You should also consider offering a range of payment options on your site, including credit card, Paypal, Stripe, and Afterpay. Most of these can be added easily using any of the software above.
One of the toughest decisions you’ll have to make: pricing your jewellery. A good rule of thumb to follow when starting out is to start with four times your material cost and packaging.
Most consignment or wholesale opportunities take up 40 to 60 percent of your retail cost. By starting your base price at 4 times your materials cost will keep you from working for free (or worse, losing money).
Think about whether or not you’re going to charge customers for shipping, too. If so, be sure to add in how much it’ll cost them before they abandon their cart at checkout.
Other questions to ask:
Will you accept returns? What about refunds? What will you do if your jewellery breaks before your customer gets it? Have a backup plan in mind for freak accidents, and you’ll be good to go.
Etsy is the darling of the arts and crafts retail world. It’s the most established and popular eCommerce platform for handcrafted goods. That’s largely because it was the first major breakaway from the likes of eBay and Amazon. It claims to have close to 54 million registered users, 20 million active buyers, and 1.4 million sellers. This was back in 2014, though, so those numbers are likely to have increased. While Etsy looks and feels like a niche platform – the online version of your weekend craft market – it’s really a massive retail force.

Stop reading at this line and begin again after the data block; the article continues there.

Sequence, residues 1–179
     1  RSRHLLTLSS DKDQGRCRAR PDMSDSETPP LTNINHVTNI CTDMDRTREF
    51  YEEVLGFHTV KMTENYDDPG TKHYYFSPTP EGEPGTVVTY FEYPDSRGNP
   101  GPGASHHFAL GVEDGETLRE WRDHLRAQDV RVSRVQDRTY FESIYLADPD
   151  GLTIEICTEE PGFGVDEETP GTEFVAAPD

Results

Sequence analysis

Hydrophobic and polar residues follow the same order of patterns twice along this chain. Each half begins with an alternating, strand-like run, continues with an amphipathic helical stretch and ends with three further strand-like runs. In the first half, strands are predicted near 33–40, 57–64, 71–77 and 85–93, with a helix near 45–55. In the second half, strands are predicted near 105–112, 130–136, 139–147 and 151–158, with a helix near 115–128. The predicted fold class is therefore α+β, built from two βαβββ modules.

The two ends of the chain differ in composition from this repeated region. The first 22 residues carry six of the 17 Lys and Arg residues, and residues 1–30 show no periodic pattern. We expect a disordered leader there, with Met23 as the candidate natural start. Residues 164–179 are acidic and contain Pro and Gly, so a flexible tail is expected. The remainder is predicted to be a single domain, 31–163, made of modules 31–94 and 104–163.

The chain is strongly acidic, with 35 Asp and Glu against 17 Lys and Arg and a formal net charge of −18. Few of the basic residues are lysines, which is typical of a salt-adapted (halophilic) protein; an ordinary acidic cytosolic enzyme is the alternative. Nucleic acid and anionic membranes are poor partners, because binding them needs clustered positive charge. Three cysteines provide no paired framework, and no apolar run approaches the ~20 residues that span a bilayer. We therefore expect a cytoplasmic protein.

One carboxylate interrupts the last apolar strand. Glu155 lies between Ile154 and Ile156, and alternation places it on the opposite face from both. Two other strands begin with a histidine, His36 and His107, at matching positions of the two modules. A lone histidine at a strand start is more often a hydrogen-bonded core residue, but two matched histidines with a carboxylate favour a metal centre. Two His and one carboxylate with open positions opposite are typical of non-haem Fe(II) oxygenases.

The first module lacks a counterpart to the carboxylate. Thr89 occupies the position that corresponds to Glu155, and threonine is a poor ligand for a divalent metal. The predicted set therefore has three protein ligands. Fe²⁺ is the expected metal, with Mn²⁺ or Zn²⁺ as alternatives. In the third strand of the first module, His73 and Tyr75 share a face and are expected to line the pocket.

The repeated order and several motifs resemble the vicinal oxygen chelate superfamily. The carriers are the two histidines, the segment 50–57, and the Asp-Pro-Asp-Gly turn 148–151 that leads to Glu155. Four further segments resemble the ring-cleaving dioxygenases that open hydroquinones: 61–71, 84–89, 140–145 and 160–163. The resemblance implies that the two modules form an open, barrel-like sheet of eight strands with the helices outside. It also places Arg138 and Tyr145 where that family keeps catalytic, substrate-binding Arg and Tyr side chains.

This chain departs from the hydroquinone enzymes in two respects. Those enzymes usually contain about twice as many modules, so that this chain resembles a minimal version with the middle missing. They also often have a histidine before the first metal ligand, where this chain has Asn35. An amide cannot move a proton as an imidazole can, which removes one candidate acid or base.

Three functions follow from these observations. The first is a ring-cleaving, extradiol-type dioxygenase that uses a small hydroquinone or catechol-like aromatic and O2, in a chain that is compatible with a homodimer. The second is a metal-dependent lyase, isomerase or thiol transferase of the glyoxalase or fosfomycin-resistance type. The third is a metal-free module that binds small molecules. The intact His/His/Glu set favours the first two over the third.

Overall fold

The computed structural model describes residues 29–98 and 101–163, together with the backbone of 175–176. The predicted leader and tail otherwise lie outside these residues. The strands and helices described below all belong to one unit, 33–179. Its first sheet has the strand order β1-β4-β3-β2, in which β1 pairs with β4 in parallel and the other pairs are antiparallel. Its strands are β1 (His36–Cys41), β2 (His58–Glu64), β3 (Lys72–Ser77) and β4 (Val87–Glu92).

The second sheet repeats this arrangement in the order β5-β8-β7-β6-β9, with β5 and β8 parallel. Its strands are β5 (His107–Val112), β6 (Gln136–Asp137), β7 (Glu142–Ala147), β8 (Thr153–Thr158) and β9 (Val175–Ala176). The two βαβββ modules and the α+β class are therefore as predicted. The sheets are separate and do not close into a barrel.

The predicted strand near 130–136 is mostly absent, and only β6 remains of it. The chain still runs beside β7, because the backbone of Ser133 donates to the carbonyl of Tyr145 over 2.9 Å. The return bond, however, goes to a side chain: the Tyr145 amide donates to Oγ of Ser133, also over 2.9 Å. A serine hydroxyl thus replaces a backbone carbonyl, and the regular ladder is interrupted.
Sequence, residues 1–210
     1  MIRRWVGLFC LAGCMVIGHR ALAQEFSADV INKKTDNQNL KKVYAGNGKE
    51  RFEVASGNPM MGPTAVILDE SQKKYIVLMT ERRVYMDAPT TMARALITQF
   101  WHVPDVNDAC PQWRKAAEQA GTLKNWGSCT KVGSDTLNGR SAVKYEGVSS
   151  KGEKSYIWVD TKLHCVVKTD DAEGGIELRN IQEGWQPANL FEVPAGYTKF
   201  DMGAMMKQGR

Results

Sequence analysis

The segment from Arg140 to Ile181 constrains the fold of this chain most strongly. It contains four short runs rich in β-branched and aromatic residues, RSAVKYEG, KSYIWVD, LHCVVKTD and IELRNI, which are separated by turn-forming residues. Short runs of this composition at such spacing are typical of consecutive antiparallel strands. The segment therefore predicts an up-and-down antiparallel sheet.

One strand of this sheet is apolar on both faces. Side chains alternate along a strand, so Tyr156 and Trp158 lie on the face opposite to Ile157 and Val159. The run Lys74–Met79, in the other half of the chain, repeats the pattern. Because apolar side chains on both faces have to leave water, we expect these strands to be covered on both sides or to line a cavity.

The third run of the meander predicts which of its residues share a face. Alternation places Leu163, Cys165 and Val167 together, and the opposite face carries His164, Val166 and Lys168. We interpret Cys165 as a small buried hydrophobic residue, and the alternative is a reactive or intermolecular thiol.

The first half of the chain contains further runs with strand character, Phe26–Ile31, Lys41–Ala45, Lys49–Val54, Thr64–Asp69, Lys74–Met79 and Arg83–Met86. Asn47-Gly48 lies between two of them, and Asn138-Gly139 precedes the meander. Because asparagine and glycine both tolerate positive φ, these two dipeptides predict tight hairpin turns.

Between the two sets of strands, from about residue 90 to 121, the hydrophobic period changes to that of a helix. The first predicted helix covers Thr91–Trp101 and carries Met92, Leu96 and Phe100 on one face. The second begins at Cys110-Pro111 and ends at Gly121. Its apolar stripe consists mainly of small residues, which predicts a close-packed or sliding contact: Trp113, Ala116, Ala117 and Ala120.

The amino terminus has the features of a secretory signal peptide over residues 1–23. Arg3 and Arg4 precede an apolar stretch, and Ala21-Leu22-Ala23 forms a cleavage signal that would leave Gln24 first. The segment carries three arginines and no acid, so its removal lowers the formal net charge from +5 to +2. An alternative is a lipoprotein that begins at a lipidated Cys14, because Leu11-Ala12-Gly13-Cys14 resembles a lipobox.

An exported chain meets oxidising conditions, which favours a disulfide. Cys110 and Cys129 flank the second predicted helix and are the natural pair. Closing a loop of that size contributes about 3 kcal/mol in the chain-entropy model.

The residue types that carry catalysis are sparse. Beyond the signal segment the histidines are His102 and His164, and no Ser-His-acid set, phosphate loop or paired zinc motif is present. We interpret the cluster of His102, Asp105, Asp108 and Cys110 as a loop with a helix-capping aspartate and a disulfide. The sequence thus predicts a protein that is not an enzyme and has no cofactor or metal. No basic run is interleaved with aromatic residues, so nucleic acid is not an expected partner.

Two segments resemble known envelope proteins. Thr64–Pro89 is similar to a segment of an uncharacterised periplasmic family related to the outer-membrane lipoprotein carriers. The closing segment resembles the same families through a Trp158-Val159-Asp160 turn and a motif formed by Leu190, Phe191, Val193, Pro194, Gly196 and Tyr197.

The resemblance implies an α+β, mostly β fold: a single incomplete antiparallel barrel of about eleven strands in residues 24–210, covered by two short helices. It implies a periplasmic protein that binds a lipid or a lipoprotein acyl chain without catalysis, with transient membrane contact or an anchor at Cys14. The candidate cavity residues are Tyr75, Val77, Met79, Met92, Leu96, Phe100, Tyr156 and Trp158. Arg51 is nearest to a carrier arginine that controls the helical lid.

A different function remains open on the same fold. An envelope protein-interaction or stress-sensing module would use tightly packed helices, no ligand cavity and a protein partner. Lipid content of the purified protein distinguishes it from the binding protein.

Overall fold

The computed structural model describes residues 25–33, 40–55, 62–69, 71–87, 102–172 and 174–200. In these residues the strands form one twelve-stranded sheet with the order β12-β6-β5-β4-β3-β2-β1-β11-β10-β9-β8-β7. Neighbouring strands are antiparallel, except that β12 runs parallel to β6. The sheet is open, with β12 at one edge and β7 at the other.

Jewellery is perfect for the Etsy platform, especially if you can source or create something unique. You’ll be competing with thousands of other sellers, so you need to do everything you can to stand out. Just be aware of the $0.20 USD listing fee per item, which can add up quickly if you’ve got a large inventory. There’s also a 5% transaction fee.
Ruby Lane is an online marketplace devoted to antiques, art, vintage collectibles and jewellery. It’s the perfect place to sell jewellery online. While Ruby Lane is smaller than places like Etsy and eBay, it has a much more targeted customer base. And besides, Ruby Lane claims to have 1.1 million unique visitors per month, which is a lot more than you’ll get coming through your doors in a traditional retail store. Ruby Lane is also more “high brow” than its competitors, which means you could have more success selling high-end fine jewellery.
Most of Ruby Lane’s users (85%) are women aged over 40, which also happens to be a demographic with disposable income to spend on jewellery. While there’s no commission, Ruby Lane charges $0.19 per listing and a tiered “maintenance” fee that ranges from $69 a month for small sellers, to $0.01 per item for major sellers. There’s also a one-off $100 set-up cost.
We’ve talked about why you should sell jewellery online, how to do it correctly, what to avoid when selling products, and even gave you a few wholesale jewellery suppliers to get started.
I’m afraid that it’s now time for us to part ways. Before we do though, let’s go over some of the most important details when it comes to selling jewellery online.
Now it’s time for you to spread your wings and fly! Or at least, spread your wings and create a kick-ass jewellery store. Have fun and sell jewellery online now!
For more information or assistance in setting up your online store, or help marketing it get in touch here.